Ralf Liebenow wrote:
> Hello !
>> Correct ordering can be proven to be enough to provide transactional
>> correctness, enough to ensure that filesystems can not get corrupted
>> on power down.
> Please beware that caching RAID controllers which are not battery
> backed and the harddisk (when write caching) may decide to
> re-order writes to the disk, so the ordering imposed by the
> operating system (filesystem driver) may not be retained.
> This is usually done by harddisks and
> controllers to minimize seek times and thats what disk
> command queueing is good for. So ordering can only be retained
> if all external caching mechanism and command queueing are
> switched off.
That's not necessarily true.
The only *requirement* for barriers is preservation of ordering. It is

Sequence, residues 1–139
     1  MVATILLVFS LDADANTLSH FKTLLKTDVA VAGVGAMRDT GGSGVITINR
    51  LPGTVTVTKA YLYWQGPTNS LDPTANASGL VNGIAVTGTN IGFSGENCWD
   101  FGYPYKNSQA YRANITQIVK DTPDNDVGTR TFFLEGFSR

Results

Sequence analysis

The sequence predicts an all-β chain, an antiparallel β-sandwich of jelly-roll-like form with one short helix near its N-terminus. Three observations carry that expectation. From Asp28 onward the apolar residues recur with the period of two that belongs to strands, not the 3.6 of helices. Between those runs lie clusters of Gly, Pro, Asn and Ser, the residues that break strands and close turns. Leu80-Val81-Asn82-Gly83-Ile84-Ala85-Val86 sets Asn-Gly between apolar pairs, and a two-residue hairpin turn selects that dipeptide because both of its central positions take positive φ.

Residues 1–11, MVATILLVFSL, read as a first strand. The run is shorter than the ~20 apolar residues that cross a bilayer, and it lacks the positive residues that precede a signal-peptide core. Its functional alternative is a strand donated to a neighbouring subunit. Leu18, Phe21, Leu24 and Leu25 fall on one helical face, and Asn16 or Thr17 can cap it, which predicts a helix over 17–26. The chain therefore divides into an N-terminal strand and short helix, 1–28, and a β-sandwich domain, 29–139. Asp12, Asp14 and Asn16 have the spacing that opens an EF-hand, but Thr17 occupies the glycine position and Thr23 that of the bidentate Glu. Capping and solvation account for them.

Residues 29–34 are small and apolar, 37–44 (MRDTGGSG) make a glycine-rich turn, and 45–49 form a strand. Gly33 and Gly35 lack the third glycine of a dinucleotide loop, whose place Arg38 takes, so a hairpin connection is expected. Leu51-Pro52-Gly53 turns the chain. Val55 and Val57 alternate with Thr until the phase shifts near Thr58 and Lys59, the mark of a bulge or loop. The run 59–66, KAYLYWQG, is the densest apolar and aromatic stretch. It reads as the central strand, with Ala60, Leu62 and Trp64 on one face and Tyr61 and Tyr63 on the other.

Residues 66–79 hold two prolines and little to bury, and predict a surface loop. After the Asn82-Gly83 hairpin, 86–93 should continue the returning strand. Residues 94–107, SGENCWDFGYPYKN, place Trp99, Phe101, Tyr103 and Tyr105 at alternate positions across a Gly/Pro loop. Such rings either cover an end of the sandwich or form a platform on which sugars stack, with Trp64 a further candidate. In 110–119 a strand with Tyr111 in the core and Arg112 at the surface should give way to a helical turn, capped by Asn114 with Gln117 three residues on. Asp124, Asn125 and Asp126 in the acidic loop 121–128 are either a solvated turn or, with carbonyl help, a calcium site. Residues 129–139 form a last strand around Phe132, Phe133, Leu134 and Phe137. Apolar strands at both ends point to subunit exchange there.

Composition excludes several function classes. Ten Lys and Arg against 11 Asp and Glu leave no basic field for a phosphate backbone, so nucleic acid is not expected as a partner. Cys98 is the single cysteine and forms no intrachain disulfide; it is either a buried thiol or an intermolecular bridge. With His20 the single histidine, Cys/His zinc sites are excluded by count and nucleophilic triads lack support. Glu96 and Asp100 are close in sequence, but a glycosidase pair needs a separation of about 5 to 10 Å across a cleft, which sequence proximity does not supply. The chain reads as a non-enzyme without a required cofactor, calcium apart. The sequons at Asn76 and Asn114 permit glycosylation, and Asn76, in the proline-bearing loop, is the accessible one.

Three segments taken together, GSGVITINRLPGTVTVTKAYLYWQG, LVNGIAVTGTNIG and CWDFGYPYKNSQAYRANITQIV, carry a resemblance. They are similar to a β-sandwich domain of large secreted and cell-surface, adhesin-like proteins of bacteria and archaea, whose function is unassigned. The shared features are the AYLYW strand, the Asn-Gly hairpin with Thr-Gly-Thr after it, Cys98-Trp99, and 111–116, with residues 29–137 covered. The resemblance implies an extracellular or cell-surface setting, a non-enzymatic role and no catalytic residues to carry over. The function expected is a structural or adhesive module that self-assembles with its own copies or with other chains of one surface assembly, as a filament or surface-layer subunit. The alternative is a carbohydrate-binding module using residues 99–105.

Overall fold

*implemented* today by cache flushing, because that's the best we can do
for now (as I understand it).
It is certainly possible that an IO could be flagged which tells the
drive that it may not rearrange the cache destaging across a barrier IO.
It could cache at will, as long as the critical ordering is maintained.
So even though barriers are be implemented w/ cache flushes today, it
would be a mistake to rely on that implementation. IOW, don't confuse
cache flushing w/ ordering requirements just because the ordering
problem is solved *today* with cache flushes.